Starts With A Good Book: Homeschool Priorities, Routines, & Schedules

I got it easy right now. All I have left in my little homeschool is one kid and she already loves to read and do math, although she doesn’t really like the latter. Ten years ago was a different story, because I had four. Two of them had Special Needs, but we were only aware that one of them probably did. The one I have left at home now was a baby then.

Darn-right, it was hard! Check out the book above, my very favorite babycare book.

So, what’d we do? Well, first off, we sent the eldest to a private school. The two middles were already doing well on their skill set, reading and math. The youngest was a newborn, but really easygoing and a happy girl. I swear, she was trying to chase her siblings playing while still in the womb! I’d lay there on the sofa, pregnant, like a beached whale. The two middles would race by laughing and my unborn baby would flip over inside my womb, responding to their noise. No one can tell me the unborn are not really human beings, alive and unique. I know the truth first-hand.

“A person’s a person, no matter how small.”

Anyway, the key to getting through your homeschool day is to set Priorities, establish Routines, and Schedule.


If you haven’t already, it’s time to get a grip on the reality that if you’re going to homeschool it must take priority over a clean house, your social life, and basically everything.

You may or may not have time to pee. In all likeliness, you will never again pee alone, if you have dogs, cats, or little humans under the age of three.

But, I digress.

Nevertheless, the family’s gotta eat and have clean clothes to wear. You’ll develop a Survival Mode when it comes to housekeeping. Ordering take-out is expensive, so you’ll need to hit YouTube and learn how to make really cheap and easy meals. Also, take the time to train children to do chores.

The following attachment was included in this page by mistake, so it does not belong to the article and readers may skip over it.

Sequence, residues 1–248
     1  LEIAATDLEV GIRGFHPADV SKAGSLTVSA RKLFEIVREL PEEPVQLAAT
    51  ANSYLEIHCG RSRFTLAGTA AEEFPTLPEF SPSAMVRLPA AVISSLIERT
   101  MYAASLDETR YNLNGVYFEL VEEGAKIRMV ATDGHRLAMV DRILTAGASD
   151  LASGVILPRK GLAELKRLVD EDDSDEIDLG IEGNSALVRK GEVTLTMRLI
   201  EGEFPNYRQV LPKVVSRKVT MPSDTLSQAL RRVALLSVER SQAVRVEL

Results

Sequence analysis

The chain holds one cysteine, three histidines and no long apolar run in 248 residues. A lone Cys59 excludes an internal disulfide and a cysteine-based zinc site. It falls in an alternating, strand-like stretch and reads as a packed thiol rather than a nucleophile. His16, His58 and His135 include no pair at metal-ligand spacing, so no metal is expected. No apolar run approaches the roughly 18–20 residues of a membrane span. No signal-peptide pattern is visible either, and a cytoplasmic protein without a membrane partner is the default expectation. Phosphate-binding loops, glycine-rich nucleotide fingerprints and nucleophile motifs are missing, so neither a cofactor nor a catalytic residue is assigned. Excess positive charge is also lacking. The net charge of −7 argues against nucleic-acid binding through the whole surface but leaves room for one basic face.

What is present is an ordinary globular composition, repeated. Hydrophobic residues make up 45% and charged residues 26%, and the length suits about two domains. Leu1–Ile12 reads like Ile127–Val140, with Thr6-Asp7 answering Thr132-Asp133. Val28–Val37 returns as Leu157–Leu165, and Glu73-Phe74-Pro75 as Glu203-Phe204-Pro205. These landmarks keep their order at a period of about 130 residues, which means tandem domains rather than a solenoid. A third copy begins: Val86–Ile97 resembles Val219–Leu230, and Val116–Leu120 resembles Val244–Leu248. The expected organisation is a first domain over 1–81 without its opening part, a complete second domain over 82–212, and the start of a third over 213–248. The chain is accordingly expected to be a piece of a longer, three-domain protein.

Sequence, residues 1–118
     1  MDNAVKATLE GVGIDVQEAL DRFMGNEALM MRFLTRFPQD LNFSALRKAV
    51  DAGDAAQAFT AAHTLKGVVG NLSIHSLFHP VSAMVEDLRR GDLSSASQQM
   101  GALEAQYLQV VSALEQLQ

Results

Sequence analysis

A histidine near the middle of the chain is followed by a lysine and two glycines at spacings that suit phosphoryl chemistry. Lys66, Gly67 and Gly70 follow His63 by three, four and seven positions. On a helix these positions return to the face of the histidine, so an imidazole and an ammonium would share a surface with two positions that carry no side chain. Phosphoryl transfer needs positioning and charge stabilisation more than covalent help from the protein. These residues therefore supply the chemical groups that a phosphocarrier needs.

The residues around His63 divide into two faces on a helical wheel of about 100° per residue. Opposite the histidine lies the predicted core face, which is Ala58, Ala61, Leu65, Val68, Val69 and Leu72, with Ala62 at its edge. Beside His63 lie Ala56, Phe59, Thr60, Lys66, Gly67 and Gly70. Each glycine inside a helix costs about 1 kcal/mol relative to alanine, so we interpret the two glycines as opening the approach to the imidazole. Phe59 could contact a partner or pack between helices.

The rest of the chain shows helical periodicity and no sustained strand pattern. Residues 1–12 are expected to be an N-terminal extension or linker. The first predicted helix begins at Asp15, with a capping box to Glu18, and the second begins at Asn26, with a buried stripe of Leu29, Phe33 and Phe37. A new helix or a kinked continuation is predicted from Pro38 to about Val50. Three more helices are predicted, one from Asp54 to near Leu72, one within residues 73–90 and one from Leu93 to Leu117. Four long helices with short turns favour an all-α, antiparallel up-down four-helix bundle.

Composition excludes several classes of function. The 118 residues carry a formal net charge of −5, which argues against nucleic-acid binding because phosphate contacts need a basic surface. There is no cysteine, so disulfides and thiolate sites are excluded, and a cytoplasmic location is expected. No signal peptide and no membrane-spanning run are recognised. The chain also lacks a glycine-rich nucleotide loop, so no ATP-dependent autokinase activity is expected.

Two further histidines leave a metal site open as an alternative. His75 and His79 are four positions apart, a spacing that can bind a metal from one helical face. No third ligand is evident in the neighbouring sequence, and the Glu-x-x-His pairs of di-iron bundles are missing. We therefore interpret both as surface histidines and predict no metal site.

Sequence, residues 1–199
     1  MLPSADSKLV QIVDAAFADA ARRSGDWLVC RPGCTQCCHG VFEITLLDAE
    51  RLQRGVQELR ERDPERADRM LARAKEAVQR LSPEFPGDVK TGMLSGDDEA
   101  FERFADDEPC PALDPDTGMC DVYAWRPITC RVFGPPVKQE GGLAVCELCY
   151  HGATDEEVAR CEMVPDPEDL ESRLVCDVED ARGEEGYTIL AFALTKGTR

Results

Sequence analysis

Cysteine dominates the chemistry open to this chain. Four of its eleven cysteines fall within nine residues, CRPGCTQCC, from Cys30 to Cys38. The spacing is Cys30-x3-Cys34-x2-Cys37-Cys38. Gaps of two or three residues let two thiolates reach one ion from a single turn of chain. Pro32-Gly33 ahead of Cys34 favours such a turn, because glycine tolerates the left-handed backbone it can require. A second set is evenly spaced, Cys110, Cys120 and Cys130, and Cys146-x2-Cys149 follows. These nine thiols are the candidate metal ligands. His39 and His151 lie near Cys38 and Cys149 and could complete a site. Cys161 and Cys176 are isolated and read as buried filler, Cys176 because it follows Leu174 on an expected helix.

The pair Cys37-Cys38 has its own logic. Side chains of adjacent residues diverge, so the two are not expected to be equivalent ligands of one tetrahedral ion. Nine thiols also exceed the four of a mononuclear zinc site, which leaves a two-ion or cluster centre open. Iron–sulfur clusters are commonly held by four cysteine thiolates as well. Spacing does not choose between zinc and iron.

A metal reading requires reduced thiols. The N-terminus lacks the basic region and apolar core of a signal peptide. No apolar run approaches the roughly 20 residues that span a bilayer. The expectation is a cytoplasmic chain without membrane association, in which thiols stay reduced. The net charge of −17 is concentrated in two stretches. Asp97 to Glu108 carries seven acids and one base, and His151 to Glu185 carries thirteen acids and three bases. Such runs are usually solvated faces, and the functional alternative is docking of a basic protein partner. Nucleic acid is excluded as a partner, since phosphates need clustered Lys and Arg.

Make a list of priorities for Homeschool, chores, et cetera.


If you can, start when they’re babies. Most are born with an inner rhythm, which are messed up by well-meaning parents rushing in to take over. I get that. I used to hover over my sleeping babies’ bassinet too. The fact is babies are born with certain instincts and abilities to self-soothe and settle into life outside the womb. We can coax them into a routine with the rest of the family with the right foreknowledge. It’s going to take a few weeks, but it can be done. To begin with, trim their newborn nails and don’t cover their hands. Their first inborn skill is to suck. My babies only needed pacifiers for the first few weeks. Once they gained control over their hands, they were all set for self-soothing.

Sleep Eat Activity

This is the basic routine for six month olds and six year olds alike. If your six month old always falls asleep eating, there’s still work to do.

During chore training is a great time to make sure everyone is settled on the basic routing. Wake the darlings at the same time every morning, feed them breakfast, lunch, snacks, and dinner at the same time every day. Naptimes should be at the same time every afternoon.

Big Tip: Insist on Quiet Time even after your children grow out of the need for naps!!!!!!!! They may not need to rest, BUT YOU DO!!!!!!!!!